The Convention on International Trade in Endangered Species of Wild Fauna and Flora (CITES) entered into force in 1975, and became the only treaty to ensure that international trade in plants and animals does not threaten their survival in the wild. A State or country that has agreed to implement the Convention is called a Party to CITES. Currently there are 184 Parties, including 183 member countries and the European Union.

What We Do

Our Services

CITES Implementation

Meetings of the Conference of the Parties (CoPs) take place approximately every three years, and provide an opportunity for representatives from all CITES Parties as well as non-governmental organizations to participate in determining the future of CITES.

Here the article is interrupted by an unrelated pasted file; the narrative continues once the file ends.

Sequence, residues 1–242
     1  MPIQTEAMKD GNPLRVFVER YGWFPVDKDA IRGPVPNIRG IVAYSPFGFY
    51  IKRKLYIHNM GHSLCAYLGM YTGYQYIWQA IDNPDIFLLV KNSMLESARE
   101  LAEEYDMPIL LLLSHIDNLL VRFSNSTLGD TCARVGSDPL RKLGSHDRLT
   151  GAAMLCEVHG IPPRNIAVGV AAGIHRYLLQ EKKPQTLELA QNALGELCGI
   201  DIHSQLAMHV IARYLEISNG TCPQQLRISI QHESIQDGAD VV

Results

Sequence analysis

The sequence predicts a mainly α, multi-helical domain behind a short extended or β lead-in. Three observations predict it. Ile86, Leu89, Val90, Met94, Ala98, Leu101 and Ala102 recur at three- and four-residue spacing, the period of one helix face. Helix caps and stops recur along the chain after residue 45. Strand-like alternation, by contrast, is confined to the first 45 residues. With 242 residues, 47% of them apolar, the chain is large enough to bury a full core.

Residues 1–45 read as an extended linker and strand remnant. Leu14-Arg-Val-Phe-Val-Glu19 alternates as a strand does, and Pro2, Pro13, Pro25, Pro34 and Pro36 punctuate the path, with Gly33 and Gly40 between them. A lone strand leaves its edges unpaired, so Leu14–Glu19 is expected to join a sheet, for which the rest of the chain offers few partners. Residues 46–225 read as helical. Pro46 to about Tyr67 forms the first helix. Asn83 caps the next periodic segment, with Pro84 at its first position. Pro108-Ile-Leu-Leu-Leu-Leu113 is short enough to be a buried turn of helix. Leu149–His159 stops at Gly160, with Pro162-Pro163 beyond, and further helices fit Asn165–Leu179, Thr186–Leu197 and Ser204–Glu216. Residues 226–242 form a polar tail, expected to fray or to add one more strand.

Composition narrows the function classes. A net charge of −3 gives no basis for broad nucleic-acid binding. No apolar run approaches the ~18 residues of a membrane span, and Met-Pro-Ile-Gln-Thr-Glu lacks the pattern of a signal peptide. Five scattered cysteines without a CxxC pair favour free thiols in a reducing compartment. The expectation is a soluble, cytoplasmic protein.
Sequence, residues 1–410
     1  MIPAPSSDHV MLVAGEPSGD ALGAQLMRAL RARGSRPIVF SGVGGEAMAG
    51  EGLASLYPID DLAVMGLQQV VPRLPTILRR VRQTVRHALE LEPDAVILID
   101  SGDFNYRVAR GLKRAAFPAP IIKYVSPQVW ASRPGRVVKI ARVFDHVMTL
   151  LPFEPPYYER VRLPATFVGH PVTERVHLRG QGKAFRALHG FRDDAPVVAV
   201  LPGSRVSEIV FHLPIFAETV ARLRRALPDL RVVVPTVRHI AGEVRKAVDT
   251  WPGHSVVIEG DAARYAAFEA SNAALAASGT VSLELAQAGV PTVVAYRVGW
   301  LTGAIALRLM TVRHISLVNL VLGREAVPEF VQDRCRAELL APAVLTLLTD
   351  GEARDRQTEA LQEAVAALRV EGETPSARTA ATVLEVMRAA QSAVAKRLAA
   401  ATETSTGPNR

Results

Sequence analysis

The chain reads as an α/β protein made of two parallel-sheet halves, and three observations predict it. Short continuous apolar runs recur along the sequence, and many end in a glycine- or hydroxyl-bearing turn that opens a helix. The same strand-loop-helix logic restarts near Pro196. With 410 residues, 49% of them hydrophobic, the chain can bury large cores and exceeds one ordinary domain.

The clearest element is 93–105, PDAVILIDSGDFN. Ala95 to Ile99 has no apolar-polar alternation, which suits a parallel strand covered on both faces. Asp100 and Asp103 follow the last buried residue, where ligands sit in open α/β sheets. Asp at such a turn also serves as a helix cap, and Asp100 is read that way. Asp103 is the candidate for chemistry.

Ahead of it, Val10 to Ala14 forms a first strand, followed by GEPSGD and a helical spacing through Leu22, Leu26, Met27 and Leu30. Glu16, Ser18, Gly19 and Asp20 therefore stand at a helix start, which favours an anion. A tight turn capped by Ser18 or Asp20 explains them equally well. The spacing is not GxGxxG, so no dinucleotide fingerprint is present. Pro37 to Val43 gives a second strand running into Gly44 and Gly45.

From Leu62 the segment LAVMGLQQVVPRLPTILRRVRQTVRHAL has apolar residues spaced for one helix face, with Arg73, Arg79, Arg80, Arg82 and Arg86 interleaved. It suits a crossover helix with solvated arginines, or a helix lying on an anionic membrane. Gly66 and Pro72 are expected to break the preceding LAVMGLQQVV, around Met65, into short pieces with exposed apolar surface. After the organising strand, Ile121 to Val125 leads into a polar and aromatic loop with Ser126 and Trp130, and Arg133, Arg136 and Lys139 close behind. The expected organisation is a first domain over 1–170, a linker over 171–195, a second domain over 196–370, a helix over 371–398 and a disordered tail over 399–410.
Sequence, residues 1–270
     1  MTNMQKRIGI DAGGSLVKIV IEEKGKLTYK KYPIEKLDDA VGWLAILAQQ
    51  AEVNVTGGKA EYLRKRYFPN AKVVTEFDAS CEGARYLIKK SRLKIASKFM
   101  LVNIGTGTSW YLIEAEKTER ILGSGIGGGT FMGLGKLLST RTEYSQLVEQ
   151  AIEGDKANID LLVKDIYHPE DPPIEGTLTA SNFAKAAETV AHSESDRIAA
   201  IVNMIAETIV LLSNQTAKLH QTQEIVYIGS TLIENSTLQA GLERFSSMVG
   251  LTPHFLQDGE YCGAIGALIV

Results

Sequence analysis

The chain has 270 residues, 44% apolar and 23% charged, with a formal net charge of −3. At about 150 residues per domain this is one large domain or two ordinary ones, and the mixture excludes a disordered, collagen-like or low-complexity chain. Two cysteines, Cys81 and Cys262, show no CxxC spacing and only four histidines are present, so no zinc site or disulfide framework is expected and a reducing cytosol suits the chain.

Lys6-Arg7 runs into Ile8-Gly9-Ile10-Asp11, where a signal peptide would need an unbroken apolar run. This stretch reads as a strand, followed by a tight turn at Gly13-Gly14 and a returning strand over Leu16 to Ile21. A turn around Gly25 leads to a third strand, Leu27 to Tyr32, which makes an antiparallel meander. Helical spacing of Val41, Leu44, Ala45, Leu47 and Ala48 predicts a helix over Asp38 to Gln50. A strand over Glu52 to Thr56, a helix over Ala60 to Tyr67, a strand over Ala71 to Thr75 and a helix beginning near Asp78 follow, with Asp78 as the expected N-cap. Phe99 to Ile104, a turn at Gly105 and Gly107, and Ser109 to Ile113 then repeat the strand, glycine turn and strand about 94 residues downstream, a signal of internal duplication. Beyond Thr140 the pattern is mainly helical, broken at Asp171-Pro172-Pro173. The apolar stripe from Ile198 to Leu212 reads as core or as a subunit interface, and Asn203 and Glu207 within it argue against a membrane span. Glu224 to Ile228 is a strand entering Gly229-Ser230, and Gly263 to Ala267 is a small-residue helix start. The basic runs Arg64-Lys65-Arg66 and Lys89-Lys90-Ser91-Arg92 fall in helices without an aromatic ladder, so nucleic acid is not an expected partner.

CITES in the United States

Under the Endangered Species Act (ESA), the U.S. Fish & Wildlife Service has been designated to carry out the provisions of CITES through the Division of Management Authority and the Division of Scientific Authority.  We work with numerous partners including federal and state agencies, industry groups, and conservation organizations.